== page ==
Wireless nodes at sea
On-board wireless networks could provide a cost-effective means of linking monitoring systems aboard large ships such as passenger ferries and merchant ships, despite the obstruction of watertight doors and dense steel bulkheads.
In a paper published in the Institution of Engineering and Technology's journal Electronics Letters, researchers at the Institute of Electronics and Telecommunications of Rennes (IETR) report their finding that radio leakage between metallic watertight adjacent chambers is of a level sufficient for communication between network nodes in a wireless sensor network (WSN).
Tests using a MIMO channel sounder at 2•2 GHz on the lower decks of a modern car ferry revealed that radio signals could pass through the edges of watertight doors, though they were heavily attenuated.
On-board monitoring systems are an essential part of a ferry-sized vessel, which requires kilometres of cabling to connect thousands of sensors for systems monitoring, internal messaging and on-board communications. A wireless solution would reduce the cost of installation and the complexity of later upgrading systems to new specifications.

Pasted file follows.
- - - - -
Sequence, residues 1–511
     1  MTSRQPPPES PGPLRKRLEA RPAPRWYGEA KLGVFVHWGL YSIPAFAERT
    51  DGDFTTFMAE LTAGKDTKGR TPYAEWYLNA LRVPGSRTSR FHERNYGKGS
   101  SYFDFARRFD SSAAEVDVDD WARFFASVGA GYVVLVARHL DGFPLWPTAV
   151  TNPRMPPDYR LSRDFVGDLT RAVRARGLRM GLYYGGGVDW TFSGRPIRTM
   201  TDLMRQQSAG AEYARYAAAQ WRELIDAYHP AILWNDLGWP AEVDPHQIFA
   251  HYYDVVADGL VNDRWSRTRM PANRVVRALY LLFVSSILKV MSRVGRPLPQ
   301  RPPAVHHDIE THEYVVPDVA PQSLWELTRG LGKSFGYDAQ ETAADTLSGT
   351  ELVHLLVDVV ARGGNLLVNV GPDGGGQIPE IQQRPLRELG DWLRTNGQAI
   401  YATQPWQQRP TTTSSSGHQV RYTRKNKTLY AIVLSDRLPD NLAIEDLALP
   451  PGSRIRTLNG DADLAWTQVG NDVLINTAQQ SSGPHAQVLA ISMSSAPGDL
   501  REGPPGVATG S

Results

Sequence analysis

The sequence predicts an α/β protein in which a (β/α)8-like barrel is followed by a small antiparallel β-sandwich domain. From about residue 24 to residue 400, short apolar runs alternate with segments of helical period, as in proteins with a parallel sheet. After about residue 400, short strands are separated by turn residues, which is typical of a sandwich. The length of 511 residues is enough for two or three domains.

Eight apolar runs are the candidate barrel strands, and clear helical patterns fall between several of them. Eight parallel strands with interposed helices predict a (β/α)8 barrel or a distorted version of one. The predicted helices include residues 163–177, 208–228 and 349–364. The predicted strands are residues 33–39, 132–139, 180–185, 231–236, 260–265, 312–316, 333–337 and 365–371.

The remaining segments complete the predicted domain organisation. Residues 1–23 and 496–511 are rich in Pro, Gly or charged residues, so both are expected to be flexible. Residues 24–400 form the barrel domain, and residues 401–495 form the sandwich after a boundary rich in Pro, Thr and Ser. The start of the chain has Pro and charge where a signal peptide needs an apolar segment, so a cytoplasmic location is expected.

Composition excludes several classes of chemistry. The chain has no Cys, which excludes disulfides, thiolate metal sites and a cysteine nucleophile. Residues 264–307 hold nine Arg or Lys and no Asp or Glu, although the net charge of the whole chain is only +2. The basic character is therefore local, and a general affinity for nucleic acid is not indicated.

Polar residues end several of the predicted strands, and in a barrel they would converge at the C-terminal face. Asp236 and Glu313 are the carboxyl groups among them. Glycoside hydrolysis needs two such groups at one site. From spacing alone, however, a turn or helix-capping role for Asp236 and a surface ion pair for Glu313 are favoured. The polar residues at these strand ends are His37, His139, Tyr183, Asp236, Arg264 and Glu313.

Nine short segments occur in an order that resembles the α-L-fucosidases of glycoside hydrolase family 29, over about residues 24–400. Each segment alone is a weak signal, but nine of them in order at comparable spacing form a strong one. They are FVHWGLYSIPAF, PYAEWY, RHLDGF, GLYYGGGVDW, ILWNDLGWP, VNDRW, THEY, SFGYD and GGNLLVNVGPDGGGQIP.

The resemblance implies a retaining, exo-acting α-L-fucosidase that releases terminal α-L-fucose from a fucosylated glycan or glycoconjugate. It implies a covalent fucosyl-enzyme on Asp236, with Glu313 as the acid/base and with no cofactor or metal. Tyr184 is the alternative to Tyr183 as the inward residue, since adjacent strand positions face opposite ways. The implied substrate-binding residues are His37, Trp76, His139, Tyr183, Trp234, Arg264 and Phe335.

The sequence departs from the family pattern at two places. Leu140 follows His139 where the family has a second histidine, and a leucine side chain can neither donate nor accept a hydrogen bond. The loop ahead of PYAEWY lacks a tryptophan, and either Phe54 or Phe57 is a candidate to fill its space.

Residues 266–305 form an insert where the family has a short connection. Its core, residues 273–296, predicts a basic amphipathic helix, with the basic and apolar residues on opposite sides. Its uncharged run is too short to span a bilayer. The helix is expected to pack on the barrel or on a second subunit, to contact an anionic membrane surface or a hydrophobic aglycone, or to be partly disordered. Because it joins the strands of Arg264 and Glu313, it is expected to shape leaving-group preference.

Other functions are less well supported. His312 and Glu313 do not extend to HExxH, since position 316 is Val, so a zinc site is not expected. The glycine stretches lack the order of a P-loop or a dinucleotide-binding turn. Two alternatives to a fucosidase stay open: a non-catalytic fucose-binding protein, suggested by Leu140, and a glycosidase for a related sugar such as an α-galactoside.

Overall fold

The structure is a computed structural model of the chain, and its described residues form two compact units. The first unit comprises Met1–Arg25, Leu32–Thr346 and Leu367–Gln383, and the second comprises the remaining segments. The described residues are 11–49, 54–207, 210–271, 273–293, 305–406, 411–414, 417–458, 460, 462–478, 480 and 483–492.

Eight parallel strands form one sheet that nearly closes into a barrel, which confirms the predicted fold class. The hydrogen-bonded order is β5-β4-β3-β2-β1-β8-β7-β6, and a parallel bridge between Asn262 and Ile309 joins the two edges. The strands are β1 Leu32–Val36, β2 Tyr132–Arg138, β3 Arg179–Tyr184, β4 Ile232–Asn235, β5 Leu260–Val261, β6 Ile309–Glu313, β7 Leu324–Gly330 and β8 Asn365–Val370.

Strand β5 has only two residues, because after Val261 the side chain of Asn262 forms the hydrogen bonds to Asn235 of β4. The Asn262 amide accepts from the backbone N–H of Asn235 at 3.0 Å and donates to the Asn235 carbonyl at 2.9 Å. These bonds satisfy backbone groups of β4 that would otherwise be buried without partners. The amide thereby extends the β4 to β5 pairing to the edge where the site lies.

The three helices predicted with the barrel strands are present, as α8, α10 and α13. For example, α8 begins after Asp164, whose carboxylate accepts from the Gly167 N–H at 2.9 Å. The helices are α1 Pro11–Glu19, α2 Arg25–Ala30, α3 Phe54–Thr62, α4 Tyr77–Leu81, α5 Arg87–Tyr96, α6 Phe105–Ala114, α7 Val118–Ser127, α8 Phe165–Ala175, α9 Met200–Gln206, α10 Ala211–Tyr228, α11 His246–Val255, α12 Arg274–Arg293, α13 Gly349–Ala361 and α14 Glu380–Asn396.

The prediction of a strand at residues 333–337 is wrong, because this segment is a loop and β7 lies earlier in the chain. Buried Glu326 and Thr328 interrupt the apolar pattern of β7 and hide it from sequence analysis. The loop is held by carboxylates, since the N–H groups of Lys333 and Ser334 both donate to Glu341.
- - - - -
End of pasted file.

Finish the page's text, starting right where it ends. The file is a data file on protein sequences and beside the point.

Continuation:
Another major advantage of a wireless solution over heavy cabling would be reduced weight. A WSN could lead to an increase in a ship's payload or reduce its fuel consumption, with positive effects on the environment and financial costs.
Next steps for the researchers will include determining the engineering rules necessary to install a WSN on a ship; adapting existing monitoring systems to support wireless devices; and testing the networks in difficult conditions. The researchers also plan to explore the scope for other ship-based wireless applications, such as on-board wireless local area networks, wireless personal area networks and cordless telephones for crew.